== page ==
20% Off your first consulting service!

Navigating Oman's Foreign Capital Investment Landscape

Navigating Oman’s Foreign Capital Investment Landscape

Navigating Oman's Foreign Capital Investment Landscape.

In this blog, you will learn more about Local Partnership in Oman and Prohibited Activities for Foreign Investors. 

While setting up a business in Oman, there are two options of business setup for a foreign investor. They can either register the business as 100% foreign owned business or as a joint venture known as Local Corporate Equity Partnership.  And of course there are certain businesses that are prohibited for foreign investors. 

Let’s dive into the requirements to have local partner in Oman. 

Businesses that typically require an Omani local partner for foreign companies in Oman include but are not limited to:

  1. Retail Trade in certain sectors.
  2. Construction and Engineering Services
  3. Consulting and Professional Services
  4. Tourism and Hospitality
  5. Information Technology and Telecommunications (retail)
  6. Healthcare and Pharmaceutical Services
  7. Manufacturing and Industrial Operations
Omani local partner

In Oman, there are two types of local sponsorship available for businesses: individual sponsorship and corporate sponsorship.

Individual Sponsorship: Individual sponsorship involves partnering with an Omani national who holds a 35% share in the company. This sponsor must be at least 21 years old and possess specific qualifications and experience related to the business field. They can either be fully employed or receive an annual fee in exchange for granting full power of attorney and control over business operations, without necessarily sharing in profits according to their ownership percentage. 

Corporate Sponsorship: On the other hand, corporate sponsorship offers stronger legal protection and allows the foreign party to maintain full control over the business and its financial benefits. This type of sponsorship provides international businesses, regardless of size and entrepreneurs with greater security, especially regarding ownership and succession planning. With corporate sponsorship, the risks associated with individual sponsors, such as the possibility of interference due to retirement or death, can be more effectively managed.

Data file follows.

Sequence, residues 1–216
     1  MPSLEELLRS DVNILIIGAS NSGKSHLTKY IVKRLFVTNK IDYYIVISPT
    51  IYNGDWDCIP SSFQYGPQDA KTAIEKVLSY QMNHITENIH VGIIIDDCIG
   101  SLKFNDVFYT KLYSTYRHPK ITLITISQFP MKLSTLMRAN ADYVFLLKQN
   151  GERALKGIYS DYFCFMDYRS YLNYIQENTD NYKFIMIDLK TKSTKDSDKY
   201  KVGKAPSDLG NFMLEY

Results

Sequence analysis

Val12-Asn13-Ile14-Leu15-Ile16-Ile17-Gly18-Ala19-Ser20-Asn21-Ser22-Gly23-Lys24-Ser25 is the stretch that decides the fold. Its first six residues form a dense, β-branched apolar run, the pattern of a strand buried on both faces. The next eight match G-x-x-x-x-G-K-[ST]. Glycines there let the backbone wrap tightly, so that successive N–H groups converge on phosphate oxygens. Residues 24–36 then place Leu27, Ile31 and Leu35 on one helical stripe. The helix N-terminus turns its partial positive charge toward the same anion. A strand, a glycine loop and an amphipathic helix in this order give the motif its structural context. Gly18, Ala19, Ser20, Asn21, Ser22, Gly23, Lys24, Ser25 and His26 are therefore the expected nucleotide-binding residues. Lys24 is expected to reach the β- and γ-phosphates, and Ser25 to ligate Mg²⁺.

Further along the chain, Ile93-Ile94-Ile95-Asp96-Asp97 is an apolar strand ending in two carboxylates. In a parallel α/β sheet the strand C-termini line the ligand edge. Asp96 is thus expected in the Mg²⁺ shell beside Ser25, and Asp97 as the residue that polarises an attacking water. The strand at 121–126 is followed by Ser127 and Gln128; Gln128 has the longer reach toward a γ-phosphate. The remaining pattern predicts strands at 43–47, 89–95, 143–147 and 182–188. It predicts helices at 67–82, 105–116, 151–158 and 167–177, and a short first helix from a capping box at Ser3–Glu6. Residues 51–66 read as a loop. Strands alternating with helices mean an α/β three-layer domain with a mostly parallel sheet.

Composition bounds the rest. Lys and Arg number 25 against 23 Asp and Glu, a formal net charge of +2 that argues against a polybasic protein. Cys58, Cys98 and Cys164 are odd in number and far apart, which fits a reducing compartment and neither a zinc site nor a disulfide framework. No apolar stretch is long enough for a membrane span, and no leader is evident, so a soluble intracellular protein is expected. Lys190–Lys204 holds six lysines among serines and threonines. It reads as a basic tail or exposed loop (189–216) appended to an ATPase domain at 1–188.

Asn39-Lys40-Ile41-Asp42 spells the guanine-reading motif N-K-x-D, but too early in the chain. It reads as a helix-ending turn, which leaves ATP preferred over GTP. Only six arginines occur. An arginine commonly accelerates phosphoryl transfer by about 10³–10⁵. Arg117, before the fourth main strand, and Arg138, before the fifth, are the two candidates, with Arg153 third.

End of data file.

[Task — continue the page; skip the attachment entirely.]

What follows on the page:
Prohibited Activities for Foreign Investors:

  1. Ownership of Real Estate: Foreign investors are generally restricted from owning land and property in certain areas, especially those deemed strategic or sensitive. While there are provisions for leasehold rights in designated areas, outright ownership is limited to Omani nationals and GCC citizens in some cases.
  2. Media and Publishing: The media sector in Oman is tightly regulated, with restrictions on foreign ownership of newspapers, magazines, and radio or television stations. Any involvement in media-related activities requires approval from the relevant authorities and often necessitates local partnerships.
  3. Retail of Certain Goods: The retail sector, particularly the sale of certain goods like pharmaceuticals, requires majority ownership by Omani nationals. Foreign investors looking to enter this space often need to establish partnerships with local entities to comply with regulations.
  4. Transportation Services: Certain transportation services, such as taxi and public bus operations, are reserved exclusively for Omani nationals. Foreign investors interested in transportation-related businesses need to explore alternative avenues or partnership arrangements.
  5. Fisheries and Agriculture: While foreign investment in the fisheries and agriculture sectors is permitted, there are limitations on land ownership and commercial fishing activities. Priority is given to Omani nationals to ensure food security and sustainability in these critical sectors.

Businesses Solely Allocated to Omanis:

  1. Traditional Crafts and Handicrafts: Businesses engaged in traditional crafts and handicrafts, such as pottery, weaving, and traditional jewelry making, are typically reserved for Omani nationals to preserve cultural heritage and support local artisans.
  2. Small-Scale Retail: Small-scale retail businesses, including grocery stores, convenience stores, and local markets, are often reserved for Omani nationals to promote entrepreneurship and provide economic opportunities at the grassroots level.

3. Personal and Household Services: Certain service-oriented businesses catering to personal and household needs, such as domestic cleaning services, laundry services, and small-scale repair services, are predominantly operated by Omani nationals.

4. Ownership of Land and Property: While foreign investors may lease land for commercial purposes in designated areas, outright ownership of land and property is generally restricted to Omani nationals and GCC citizens to maintain control over valuable resources.

5. Tourist Guides and Services: Businesses offering tourist guide services and related tourism activities often require majority ownership by Omani nationals to promote local expertise and cultural immersion for visitors.

Navigating these restrictions and understanding the business landscape in Oman is essential for foreign investors looking to establish a presence in the country. Partnering with local entities and seeking guidance from legal and business experts like Bondoni can help navigate regulatory challenges and ensure compliance with local laws. While certain sectors may pose limitations, Oman remains an attractive destination for investment, offering opportunities for growth and collaboration across various industries. 

Related Posts
Leave a Reply

Your email address will not be published.Required fields are marked *